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Storm Frank’s impact on nature in Deeside, seven years on

Kieran Beattie
Cambus O'May was almost destroyed by Storm Frank
Image: Colin Rennie/DC Thomson, December 30, 2015.
Cambus O'May was almost destroyed by Storm Frank Image: Colin Rennie/DC Thomson, December 30, 2015.

When Storm Frank arrived in Scotland on December 29, 2015, it caused millions of pounds worth of damage and widescale devastation, with severe flooding all across the country.

One of the worst-hit regions by far was Deeside.

Communities like Ballater and Braemar were left flooded or cut off, as the rising levels of the River Dee swept through homes and businesses alike.

The Ballater Caravan Park was hit by catastrophic flooding in Storm Frank, with some caravans being washed away down the River Dee. Image: DC Thomson.

Roads were ripped apart, bridges were severely damaged, and riverbanks were washed away.

Seven years on from the dreadful storm — which raged from December 29 through 30 — much of the damage to properties, roads and infrastructure has been repaired, but communities are still reeling from its effects.

Part of the A93 near Crathie was washed away by flood waters during Storm Frank while Abergeldie Castle teetered on the brink of collapse. Image: DC Thomson.

However, it wasn’t just people who were affected by Storm Frank.

The extreme weather event and subsequent storms in the following weeks caused a great deal of upheaval for the natural environments of Deeside as well… but it wasn’t all negative.

Storm Frank’s impact on the nature and ecosystems of Deeside

When Storm Frank arrived in Deeside, it brought a month’s worth of rainfall to the region in just one day.

The resultant flooding was described as a one-in-500-year event, and it significantly changed the natural landscapes of the area.

One of the regions where the most dramatic changes took place was around the Mar Lodge Estate, west of Braemar.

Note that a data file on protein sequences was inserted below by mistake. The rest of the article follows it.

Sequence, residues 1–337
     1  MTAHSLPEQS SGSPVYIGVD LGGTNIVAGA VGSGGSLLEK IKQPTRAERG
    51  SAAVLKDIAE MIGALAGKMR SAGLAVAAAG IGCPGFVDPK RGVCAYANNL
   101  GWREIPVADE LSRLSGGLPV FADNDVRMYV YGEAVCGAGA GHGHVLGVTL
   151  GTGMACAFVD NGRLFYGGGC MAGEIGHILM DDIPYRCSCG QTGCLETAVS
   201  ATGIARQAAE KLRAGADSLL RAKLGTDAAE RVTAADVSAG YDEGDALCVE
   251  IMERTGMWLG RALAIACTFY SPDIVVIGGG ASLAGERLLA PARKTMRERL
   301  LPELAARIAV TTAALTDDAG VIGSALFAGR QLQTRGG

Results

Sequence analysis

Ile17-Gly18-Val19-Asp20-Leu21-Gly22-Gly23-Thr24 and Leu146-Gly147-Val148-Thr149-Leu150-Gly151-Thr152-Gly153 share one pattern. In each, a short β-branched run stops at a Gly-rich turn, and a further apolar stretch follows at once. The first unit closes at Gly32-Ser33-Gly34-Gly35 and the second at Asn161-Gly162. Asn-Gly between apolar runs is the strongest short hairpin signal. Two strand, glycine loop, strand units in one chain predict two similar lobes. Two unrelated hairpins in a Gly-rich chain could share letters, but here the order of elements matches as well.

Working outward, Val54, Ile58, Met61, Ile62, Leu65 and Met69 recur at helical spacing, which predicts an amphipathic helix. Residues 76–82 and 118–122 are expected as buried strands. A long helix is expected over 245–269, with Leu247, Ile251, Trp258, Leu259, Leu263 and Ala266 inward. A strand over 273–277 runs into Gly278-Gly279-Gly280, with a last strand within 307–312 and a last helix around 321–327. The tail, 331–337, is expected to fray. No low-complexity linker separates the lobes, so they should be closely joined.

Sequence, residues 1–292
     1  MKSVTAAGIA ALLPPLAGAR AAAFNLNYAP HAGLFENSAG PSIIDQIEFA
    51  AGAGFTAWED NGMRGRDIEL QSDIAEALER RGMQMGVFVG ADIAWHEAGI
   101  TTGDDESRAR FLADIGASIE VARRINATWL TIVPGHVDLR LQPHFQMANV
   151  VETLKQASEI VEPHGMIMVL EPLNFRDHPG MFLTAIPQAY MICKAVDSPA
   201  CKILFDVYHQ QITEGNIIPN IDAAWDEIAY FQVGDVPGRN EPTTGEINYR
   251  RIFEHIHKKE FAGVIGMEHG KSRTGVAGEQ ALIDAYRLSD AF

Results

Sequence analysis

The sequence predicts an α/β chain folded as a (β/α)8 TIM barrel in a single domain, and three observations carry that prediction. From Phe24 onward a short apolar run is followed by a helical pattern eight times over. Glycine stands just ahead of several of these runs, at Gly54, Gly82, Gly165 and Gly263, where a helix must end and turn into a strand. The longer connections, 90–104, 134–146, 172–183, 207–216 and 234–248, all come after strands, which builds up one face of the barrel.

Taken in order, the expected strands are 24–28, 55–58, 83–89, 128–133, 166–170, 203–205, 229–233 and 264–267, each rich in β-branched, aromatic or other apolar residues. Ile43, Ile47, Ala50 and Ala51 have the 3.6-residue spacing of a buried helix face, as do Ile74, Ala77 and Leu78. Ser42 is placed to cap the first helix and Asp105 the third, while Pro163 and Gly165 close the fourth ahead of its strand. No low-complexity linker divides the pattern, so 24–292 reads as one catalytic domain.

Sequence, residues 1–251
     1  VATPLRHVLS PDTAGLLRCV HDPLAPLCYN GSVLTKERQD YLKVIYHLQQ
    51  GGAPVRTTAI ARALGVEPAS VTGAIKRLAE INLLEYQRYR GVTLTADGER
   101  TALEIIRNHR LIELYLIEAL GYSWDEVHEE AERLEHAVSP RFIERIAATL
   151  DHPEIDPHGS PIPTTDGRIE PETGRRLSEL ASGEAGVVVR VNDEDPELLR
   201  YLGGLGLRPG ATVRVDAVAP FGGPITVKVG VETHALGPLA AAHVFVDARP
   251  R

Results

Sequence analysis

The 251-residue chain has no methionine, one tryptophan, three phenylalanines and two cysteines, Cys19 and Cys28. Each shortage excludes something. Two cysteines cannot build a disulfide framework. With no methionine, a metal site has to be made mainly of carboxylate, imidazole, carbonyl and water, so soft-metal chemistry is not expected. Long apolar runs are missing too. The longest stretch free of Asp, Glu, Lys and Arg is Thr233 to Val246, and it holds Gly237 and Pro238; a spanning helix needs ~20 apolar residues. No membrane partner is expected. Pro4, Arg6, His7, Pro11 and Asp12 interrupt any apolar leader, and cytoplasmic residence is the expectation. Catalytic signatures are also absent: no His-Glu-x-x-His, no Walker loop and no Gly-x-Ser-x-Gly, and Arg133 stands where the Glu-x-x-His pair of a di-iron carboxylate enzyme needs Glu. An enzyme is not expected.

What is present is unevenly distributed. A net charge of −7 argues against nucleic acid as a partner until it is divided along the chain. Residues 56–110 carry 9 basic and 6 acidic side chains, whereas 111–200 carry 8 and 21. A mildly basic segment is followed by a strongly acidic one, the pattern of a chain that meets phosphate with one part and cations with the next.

An aerial view of the flood plain of the River Dee west of Braemar at Mar Lodge Estate. The area has changed significantly since Storm Frank, as the River Quoich has changed its course after the storm. Image: Mar Lodge Estate.

The River Quoich, a tributary for the River Dee that flows through the estate, was so badly flooded that after the water levels went back down, it was flowing along a completely different course.

This caused problems for the estate managers, as a bridge which had previously taken hillwalkers over the waterway from the Linn of Quoich car park was left in the wrong place, resulting in a £500,000 project to replace it.

The new Allanaquoich Bridge at Linn of Quoich.

But Shaila Rao, conservation manager at the estate, said the impacts of Storm Frank have had a silver lining for nature.

With the Quoich river taking a new meandering route to the River Dee, new habitats have been created for important species of plant, bird, and insect.

Before Storm Frank in 2014, the number of breeding wading birds on the flood plain west of Braemar was around 40, but by 2017, that figure had increased to more than 82 pairs in total.

A redshank at Mar Lodge Estate. Image: Rob Hume.

Shaila said: “We had a lot of impact in terms of infrastructure.

“Lots of tracks were badly damaged, and fences came down.

“But I think in terms of the nature side of things, I suppose there were quite a lot of positives from it.